Part 1: Why Pulses are the Family-Friendly Food of 2016

Written by: Lianne Castelino

Published: Feb 19, 2016

The United Nations has declared 2016 The International Year of Pulses. So, what exactly does that mean? What is a pulse?

Pulses are edible seeds that grow within a pod. Well-known examples of pulses include beans, peas, lentils and chickpeas. The UN has chosen to spotlight these crops because of the great benefits they provide for human health and the environment. Another added benefit is that pulses are very inexpensive which is notable in this time of rising food prices.

Pulses are staple foods in many countries around the world.   However, here at home, these foods do not reach our plates as often as recommended despite the fact that Canada is one of the world’s largest producers and exporters of beans, peas, lentils and chickpeas.

Pulses and Human Health

The nutritional benefits of pulses are impossible to ignore. They are great sources of protein, and slow release carbohydrates as well as both insoluble and soluble fibre and a host of vitamins and minerals. Some recent research also shows that pulses are full of antioxidants that help to reduce the risk of some chronic diseases such as heart disease, Type 2 Diabetes and some cancers.

In terms of protein content, pulses such as beans, lentils, peas and chickpeas are strong competitors for their meat and fish counterparts. Just one cup of lentils provides 18 grams of protein which is equivalent to that found in 2.5 to 3 ounces of meat. Pulses also contain a similar mineral profile as animal proteins because they are high in both iron and zinc.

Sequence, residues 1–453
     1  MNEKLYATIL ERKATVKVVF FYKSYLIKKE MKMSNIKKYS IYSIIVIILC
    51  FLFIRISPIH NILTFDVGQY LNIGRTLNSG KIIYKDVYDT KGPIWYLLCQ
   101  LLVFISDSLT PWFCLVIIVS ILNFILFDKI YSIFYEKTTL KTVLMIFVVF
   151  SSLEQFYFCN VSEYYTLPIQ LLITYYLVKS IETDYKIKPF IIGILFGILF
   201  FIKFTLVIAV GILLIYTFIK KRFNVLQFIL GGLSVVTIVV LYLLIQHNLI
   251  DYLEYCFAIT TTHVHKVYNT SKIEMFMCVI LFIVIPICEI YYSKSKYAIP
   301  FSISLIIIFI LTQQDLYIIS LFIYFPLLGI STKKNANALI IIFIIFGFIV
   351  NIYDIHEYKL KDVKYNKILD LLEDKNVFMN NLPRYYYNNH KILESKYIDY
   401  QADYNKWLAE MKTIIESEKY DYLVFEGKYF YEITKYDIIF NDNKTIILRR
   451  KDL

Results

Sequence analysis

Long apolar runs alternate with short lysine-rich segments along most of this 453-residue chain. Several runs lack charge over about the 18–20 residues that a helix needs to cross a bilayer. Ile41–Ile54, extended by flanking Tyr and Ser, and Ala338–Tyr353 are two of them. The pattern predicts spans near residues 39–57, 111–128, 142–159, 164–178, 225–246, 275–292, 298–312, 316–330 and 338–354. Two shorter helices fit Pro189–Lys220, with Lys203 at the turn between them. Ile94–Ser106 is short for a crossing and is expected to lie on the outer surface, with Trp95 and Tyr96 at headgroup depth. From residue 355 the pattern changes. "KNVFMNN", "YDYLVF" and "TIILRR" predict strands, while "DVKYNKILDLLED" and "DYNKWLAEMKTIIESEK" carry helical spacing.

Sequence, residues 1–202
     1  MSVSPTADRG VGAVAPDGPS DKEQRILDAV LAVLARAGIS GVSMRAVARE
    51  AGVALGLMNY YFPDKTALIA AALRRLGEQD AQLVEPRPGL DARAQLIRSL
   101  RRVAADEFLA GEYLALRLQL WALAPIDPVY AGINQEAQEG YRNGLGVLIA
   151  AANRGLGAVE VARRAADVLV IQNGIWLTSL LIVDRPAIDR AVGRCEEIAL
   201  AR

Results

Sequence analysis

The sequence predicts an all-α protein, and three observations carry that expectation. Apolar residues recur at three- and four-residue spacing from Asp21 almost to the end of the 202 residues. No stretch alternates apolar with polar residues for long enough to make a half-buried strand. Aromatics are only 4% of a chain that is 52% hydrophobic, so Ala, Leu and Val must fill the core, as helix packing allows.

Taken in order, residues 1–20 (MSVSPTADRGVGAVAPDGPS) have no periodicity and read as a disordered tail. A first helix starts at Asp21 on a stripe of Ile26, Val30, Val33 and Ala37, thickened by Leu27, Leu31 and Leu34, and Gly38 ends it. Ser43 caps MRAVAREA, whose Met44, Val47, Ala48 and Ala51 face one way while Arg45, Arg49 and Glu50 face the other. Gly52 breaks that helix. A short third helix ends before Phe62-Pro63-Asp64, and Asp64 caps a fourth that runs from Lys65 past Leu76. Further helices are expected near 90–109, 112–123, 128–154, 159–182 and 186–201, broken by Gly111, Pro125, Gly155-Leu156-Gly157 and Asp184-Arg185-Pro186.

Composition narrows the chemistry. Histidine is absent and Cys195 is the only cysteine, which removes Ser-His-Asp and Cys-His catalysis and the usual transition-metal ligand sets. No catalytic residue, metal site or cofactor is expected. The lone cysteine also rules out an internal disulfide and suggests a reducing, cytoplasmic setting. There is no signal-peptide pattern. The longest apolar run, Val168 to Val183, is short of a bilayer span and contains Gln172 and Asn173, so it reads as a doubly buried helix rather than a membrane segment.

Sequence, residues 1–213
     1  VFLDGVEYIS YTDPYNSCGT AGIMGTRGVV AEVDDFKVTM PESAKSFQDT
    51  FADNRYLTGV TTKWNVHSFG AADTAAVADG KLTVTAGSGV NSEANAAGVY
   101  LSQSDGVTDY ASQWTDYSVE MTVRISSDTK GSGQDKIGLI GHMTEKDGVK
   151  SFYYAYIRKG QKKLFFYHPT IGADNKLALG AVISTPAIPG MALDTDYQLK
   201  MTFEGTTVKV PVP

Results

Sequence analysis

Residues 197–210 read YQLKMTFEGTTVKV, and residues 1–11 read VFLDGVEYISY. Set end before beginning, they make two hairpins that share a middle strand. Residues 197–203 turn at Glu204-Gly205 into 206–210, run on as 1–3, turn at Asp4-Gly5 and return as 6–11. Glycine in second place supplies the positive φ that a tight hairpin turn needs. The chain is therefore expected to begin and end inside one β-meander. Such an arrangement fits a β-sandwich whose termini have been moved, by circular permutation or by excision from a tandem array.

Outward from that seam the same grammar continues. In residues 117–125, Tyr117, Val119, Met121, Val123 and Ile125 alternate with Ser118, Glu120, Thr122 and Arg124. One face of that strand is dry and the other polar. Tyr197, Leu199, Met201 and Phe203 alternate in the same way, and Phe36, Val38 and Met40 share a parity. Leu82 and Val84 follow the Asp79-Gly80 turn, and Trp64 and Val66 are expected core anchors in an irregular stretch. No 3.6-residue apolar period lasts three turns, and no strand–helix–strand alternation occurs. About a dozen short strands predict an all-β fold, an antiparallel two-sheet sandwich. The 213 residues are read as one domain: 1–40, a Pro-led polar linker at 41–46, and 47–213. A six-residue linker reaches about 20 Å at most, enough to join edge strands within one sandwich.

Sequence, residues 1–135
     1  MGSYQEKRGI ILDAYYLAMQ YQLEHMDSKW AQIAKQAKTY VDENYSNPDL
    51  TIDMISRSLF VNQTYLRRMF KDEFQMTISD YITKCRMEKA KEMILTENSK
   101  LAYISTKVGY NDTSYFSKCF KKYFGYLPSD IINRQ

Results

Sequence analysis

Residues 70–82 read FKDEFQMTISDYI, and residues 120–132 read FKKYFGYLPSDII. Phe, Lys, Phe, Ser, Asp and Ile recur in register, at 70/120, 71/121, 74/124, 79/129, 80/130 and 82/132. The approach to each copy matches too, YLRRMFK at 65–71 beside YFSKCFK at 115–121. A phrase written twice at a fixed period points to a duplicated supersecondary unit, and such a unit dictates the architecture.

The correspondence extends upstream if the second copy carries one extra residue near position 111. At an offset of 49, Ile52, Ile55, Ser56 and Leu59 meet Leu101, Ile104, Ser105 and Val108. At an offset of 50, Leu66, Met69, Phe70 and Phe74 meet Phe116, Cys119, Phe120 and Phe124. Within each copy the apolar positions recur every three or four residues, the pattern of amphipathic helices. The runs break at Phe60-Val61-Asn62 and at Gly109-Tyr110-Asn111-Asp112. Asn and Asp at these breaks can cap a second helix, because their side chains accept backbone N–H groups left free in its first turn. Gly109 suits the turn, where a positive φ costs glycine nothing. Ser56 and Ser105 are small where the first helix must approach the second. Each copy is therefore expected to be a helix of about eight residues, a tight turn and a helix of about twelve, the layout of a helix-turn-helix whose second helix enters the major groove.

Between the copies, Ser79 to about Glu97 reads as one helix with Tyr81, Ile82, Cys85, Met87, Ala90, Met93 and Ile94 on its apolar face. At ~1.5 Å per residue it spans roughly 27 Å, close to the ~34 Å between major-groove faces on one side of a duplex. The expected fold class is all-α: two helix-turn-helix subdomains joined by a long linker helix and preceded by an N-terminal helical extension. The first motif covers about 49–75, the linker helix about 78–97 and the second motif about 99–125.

The fibre content found in these foods is responsible for the positive effects they have on blood sugar control and cholesterol levels. Soluble fibre in particular is known to promote better control of blood sugar helping to both prevent and manage diabetes. This type of fibre also contributes to the lowering of cholesterol levels which is key in lowering the risk of heart disease. Another great benefit of the high fibre content in these foods is promoting bowel regularity, fullness and appetite control.

Pulses and your food budget

In addition to being nutritional powerhouses, pulses have the added bonus of being extremely light on the wallet. Popular protein sources such as meat and fish tend to be more expensive, so including protein-rich substitutes like beans, peas, lentils and chickpeas can reduce your food budget without diminishing your diet. Some cuts of meat can be as expensive as $7.99 per pound. Dried or canned beans, peas, lentils and chickpeas however are often much less expensive, averaging only $1 – $1.50 per can to $1.50-$2 for a 1lb bag. A 1lb bag of beans is equivalent to 3-4 cans of beans, meaning one bag can provide a number of meals for you and your family.

Pulses and the Environment

Another reason why the UN has declared this year, the year of Pulses is due to their environmental benefits. Pulses are nitrogen fixing crops which means they do not require nitrogen fertilizers to grow. Manufacturing nitrogen to be used in fertilizers is energy intensive. Therefore, the fact that pulses do not require nitrogen fertilizers to be cultivated, they are more environmentally friendly and result in lower greenhouse gas emissions.

Now that you know what a pulse is, stay tuned for Part 2 of this series to learn how to incorporate these healthy helpers into your family’s diet!

Melinda Lamarche has been working as a Registered Dietitian for just over 10 years.  After completing her dietetic internship at the University Health Network in 2005 she went on to complete a Masters degree in Public Health Nutrition at the University of Toronto.  Melinda has experience working with Toronto Public Health and various Family Health Teams in the Toronto area.  Melinda recently completed a Culinary program and is using her new skills to prepare yummy and healthy dishes for her husband, daughter and a baby on the way. 

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